Programme Guide

Every year the Berliner Philharmoniker give a concert on 1 May to mark the anniversary of their foundation on 1 May 1882. It is held in a different cultural centre each year. In 2012 the orchestra celebrated its 130th birthday in a very special setting: the Winter Riding School of the Spanish Riding School in Vienna, which provided the magnificent Baroque backdrop to the orchestra’s twenty-second European Concert. Works by Haydn, Beethoven and Brahms were conducted by Gustavo Dudamel and were designed to pay tribute to the Viennese musical tradition. The cello soloist was the brilliant Gautier Capuçon.

Between 1750 and 1755 Joseph Haydn studied in Vienna with Nicola Porpora, living only a short distance from the Spanish Riding School on the Michaelerplatz opposite the Hofburg. His First Cello Concerto in C  major was written during the early 1760s in Eisenstadt, whither Haydn had moved in 1761 on entering the service of Prince Paul Anton Esterházy. Intended for the principal cellist in the court orchestra, it is now one of the standard works in the cello repertory and allowed its 2012 soloist, Gautier Capuçon, to display his phenomenal gifts to the full. The concert marked his debut with the orchestra.

Haydn’s technique of creating an entire work on the basis of the briefest of motifs is one that influenced later generations of composers, hence Brahms’s desire to raise a musical memorial to his predecessor in his St Anthony Variations op. 56a of 1873. In fact, the theme that Brahms used was not originally by Haydn but is that of an old pilgrims’ chant from Burgenland. Brahms, a native of Hamburg, could not have suspected this, of course.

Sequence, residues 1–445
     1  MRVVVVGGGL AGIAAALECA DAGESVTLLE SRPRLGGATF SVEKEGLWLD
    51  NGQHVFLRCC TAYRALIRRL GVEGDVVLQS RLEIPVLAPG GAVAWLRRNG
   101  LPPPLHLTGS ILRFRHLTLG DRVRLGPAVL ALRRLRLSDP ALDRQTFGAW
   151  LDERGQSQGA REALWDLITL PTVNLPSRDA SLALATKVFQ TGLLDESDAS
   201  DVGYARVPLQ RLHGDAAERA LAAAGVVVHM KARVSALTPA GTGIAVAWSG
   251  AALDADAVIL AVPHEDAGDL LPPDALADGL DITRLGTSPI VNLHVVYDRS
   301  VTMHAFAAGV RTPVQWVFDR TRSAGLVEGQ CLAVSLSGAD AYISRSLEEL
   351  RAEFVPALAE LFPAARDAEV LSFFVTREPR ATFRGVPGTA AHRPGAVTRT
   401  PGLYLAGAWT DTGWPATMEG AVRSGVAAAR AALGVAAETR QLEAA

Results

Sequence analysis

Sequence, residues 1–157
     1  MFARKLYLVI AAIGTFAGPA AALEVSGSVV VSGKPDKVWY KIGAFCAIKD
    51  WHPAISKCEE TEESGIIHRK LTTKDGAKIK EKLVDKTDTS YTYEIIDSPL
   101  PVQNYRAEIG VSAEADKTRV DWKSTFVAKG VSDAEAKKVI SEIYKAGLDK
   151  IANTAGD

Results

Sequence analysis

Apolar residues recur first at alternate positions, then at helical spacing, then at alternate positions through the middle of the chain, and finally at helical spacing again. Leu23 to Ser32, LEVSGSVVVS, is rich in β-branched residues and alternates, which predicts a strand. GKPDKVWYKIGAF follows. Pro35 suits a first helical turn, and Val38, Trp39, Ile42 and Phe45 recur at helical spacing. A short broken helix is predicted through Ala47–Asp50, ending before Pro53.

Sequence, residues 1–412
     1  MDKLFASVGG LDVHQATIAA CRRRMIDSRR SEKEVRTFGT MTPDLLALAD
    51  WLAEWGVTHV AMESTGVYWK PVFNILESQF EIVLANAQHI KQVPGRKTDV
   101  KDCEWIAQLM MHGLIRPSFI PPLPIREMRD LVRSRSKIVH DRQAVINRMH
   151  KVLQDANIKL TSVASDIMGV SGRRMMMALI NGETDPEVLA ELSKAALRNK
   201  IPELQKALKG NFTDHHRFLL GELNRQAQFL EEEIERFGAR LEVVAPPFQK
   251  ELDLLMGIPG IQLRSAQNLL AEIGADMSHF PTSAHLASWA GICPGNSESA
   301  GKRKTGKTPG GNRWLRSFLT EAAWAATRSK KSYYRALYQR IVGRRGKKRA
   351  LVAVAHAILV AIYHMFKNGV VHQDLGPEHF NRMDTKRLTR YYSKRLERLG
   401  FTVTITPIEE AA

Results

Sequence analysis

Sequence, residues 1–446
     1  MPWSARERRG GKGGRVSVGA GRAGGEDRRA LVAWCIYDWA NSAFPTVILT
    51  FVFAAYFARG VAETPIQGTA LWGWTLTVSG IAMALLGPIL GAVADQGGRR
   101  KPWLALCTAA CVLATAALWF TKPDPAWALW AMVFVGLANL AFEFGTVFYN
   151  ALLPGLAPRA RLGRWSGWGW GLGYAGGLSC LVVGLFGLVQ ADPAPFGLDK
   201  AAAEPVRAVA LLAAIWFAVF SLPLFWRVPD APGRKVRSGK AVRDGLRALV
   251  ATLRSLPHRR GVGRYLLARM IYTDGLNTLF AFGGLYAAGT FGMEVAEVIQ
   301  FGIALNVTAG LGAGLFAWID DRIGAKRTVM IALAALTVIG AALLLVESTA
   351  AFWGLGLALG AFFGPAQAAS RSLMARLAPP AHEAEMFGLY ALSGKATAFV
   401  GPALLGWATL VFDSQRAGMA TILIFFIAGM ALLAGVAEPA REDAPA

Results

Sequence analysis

But the main work on the programme was undoubtedly Beethoven’s irascibly revolutionary Fifth Symphony, whose concise, pounding four-note theme is said to represent fate, or so a much-quoted anecdote would have us believe. According to Die Presse, Dudamel plunged into the opening Allegro con brio “with unbridled energy – it is hard to imagine a more breathless reading”. The musicians did not need to be asked twice and “set to with a will, quite literally to the last man – a far from self-evident act of self-abandon in the usual hurly-burly of today’s orchestral life,” in the words of Der Standard.

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